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November 30, 1993

“SOURCES” FILL GAPS ON APPLE’s POWERPC MACINTOSHES

By CBR Staff Writer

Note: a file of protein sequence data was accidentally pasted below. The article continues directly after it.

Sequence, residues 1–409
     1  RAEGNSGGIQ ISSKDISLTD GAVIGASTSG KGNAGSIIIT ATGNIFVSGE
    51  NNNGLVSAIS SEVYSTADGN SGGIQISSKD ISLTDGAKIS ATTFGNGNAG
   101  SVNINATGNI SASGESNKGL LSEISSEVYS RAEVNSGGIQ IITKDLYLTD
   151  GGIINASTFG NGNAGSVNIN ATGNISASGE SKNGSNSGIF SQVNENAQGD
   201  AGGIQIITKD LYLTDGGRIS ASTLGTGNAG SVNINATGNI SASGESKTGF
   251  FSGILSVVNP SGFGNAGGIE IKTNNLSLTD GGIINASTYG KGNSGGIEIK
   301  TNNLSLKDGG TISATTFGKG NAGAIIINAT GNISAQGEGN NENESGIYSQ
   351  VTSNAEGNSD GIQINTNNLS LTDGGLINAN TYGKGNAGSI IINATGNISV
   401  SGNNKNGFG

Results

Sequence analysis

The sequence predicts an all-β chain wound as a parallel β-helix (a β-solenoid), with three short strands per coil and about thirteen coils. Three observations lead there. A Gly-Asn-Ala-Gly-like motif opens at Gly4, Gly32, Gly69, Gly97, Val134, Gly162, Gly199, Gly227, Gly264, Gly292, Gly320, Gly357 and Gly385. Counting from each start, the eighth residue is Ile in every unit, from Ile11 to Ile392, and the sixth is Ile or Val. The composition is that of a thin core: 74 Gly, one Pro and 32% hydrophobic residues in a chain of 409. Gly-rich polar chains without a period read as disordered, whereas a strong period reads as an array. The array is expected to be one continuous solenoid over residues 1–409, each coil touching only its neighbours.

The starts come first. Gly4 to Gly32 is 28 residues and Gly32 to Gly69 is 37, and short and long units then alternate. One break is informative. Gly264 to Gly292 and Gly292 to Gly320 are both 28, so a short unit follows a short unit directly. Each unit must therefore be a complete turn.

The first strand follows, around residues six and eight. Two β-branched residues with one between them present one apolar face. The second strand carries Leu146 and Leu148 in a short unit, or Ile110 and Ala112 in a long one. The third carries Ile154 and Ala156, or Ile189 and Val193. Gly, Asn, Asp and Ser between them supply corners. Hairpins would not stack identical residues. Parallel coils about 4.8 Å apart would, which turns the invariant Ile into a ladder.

Apple Computer Inc’s mid-March launch of its new PowerPC RISC-based Macintoshes is beginning to take shape, and MacWeek expects three machines. Apple’s target is said to be at least 125,000 machines to be at dealers in the first three months of sale, with most available on the first day. They are expected to be based on the Quadra architecture and include the Quadra name. All will come with Ethernet and GeoPort ports, with a CD-ROM drive as an option. At the bottom of the line, a machine code-named PDM uses a 60MHz PowerPC 601, and is expected to cost $2,000 with 8Mb and 160Mb disk plus keyboard and colour monitor; keyboard and monitor will be separately priced with the higher models. It is expected to come in a Quadra 610 enclosure with one in-line processor direct slot. The Carl Sagan will come in a Quadra 650 box and have the same slots, will use a 66MHz 601 and cost around $3,000 with 8Mb and a 230Mb disk. The high end machine is the one code-named Cold Fusion, which is expected to have an 80MHz 601 processor with 256Kb Level 2 cache, and to cost $4,000 with 8Mb and a 500Mb disk. The higher two will have built-in video supported by a new high-performance video subsystem, and more video RAM than the comparable 68040 models. With its full complement of video RAM, Carl Sagan should support 16-bit colour on monitors as large as 14 and 8-bit colour on larger monitors; Cold Fusion to support 24-bit colour on up to 16, 16-bit colour on 21 monitors. The paper hears from developers testing 50MHz and 60MHz beta test models of the new Macs that current 68000 software runs acceptably fast under the PowerPC’s 68040 emulator – ranging between that of a 25MHz 68030 LC III or a 25MHz 68040 Quadra 610 depending on the application. Apple is said to have promised that native PowerPC applications should provide two to four times the performance on a PowerPC machine than native 68000 code on a 33MHz 68040 Quadra 950. Current plans call for the initial boxes to ship with some incremental RISC version of System 7.1, the paper hears, with another version, possibly incorporating the new help system, following in as little as 30 days. MacWeek’s gossip column hears a debate is going within the company over the right approach to distribution and pricing of the twin RISC and 68040 version of the operating system: if you buy one, should you automatically get the other?

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